Greater understanding of Alpine fault needed

Photo / Geoff Sloan
Photo / Geoff Sloan

A researcher says scientists need a greater understanding of the Alpine fault to help prepare for future earthquakes.

University of Canterbury student Carolyn Boulton is finishing her PhD on the fault which forms the Australian-Pacific plate boundary on the South Island, which has not suffered a major quake for almost 400 years.

"Through my research, we have learned that the fault gets stronger with increasing temperature and pressure with increasing depth," she said. "We have also learned that when an earthquake occurs, the Alpine Fault's strength dramatically decreases."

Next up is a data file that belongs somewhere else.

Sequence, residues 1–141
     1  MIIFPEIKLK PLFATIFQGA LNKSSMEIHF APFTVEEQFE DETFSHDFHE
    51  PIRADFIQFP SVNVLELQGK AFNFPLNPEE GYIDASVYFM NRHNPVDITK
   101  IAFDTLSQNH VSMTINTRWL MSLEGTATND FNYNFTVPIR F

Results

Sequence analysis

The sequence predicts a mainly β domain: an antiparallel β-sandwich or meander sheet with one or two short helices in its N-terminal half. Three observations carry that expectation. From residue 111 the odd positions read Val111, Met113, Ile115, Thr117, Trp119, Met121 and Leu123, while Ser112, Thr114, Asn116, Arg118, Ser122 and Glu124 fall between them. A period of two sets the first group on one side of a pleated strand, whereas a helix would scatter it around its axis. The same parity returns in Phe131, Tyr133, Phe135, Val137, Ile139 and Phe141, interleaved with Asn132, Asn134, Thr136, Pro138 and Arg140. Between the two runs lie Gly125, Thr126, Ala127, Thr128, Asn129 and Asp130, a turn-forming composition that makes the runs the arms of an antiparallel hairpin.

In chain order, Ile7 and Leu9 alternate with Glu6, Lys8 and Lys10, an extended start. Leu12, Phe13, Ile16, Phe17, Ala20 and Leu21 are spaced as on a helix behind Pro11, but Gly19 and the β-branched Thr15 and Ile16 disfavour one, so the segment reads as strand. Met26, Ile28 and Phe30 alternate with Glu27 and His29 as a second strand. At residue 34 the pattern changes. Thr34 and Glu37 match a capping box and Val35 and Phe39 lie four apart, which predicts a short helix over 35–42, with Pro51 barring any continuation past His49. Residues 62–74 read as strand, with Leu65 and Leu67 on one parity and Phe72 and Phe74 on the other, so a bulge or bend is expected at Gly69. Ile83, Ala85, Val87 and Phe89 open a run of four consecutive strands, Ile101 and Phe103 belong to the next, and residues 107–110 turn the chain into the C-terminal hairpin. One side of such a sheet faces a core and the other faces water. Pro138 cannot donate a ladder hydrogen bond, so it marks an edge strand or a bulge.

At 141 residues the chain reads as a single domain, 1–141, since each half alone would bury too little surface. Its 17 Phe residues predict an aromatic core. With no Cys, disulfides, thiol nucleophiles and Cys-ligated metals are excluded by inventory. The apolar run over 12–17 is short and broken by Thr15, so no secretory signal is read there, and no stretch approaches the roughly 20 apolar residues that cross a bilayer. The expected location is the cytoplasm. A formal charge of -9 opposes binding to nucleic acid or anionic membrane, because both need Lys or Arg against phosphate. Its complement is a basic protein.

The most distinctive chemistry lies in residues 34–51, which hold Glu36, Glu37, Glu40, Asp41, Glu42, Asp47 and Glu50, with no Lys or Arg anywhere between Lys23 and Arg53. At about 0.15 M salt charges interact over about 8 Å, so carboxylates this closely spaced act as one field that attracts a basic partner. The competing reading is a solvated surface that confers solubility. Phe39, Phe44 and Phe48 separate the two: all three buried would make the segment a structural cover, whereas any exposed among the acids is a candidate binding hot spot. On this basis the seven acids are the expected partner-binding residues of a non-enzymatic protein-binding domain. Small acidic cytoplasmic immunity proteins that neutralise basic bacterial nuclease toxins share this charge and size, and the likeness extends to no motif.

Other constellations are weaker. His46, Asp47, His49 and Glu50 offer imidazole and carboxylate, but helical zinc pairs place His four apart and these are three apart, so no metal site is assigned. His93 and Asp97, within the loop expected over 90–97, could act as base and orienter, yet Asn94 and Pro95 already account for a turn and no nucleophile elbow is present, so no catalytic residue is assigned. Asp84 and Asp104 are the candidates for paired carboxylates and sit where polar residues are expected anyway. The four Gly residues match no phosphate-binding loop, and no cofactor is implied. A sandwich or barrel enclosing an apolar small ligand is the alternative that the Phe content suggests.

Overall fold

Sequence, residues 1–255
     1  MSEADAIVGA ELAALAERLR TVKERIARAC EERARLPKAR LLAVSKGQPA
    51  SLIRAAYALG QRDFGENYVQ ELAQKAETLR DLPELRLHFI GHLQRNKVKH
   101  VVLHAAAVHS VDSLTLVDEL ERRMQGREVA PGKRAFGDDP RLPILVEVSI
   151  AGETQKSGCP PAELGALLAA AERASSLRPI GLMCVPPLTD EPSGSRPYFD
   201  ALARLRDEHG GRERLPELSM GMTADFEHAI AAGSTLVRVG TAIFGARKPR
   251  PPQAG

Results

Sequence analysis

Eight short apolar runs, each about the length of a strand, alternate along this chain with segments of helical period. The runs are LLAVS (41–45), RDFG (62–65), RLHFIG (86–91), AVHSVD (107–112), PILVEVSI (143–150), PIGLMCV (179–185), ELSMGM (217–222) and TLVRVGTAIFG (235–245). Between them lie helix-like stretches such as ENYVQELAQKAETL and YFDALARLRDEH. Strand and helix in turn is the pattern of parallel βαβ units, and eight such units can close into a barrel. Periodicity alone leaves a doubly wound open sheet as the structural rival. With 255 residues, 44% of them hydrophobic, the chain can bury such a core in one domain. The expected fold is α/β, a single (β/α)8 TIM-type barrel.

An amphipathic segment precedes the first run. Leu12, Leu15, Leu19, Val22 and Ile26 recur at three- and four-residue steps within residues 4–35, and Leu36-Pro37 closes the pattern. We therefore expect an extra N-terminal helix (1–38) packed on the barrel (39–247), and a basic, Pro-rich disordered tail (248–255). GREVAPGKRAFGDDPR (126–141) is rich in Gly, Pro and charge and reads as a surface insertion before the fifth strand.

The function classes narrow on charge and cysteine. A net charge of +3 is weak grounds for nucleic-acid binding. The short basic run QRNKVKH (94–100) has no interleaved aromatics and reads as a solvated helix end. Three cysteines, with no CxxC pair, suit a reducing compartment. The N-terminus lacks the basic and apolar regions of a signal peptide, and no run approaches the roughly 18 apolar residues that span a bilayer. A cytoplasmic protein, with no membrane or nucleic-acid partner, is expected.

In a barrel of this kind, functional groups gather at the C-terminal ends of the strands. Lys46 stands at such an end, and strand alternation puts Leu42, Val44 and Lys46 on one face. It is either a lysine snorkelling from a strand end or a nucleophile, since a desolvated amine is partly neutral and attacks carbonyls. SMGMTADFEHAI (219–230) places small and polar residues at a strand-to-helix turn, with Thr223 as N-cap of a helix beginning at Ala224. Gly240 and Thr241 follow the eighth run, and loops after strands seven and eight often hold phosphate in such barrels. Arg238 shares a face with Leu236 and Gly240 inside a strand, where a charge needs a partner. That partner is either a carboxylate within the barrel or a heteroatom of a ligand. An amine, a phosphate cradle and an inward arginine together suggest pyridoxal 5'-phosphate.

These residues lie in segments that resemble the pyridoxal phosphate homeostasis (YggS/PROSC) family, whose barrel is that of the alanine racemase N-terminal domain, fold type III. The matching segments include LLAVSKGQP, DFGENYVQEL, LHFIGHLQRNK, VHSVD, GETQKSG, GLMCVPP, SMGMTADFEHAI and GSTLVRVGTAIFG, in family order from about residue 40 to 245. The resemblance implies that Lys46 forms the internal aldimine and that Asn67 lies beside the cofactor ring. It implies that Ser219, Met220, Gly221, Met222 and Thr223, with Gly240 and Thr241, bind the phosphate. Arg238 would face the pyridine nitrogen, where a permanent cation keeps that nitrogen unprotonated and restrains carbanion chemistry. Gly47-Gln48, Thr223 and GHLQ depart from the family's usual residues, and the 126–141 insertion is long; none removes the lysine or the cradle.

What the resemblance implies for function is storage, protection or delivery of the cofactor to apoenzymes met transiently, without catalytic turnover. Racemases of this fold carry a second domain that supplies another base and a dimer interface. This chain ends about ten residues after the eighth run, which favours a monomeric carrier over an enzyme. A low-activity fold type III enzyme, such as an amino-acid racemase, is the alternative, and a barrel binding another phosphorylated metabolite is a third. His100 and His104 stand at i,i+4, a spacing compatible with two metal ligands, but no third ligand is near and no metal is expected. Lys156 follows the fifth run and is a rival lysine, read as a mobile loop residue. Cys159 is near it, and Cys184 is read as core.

Her research will not enable scientists to predict the timing of the next event but should help them understand the nature of the main-shock and aftershocks.

Geological and Nuclear Sciences said there is a 30 percent chance of the next Alpine Fault earthquake occurring within 50 years.


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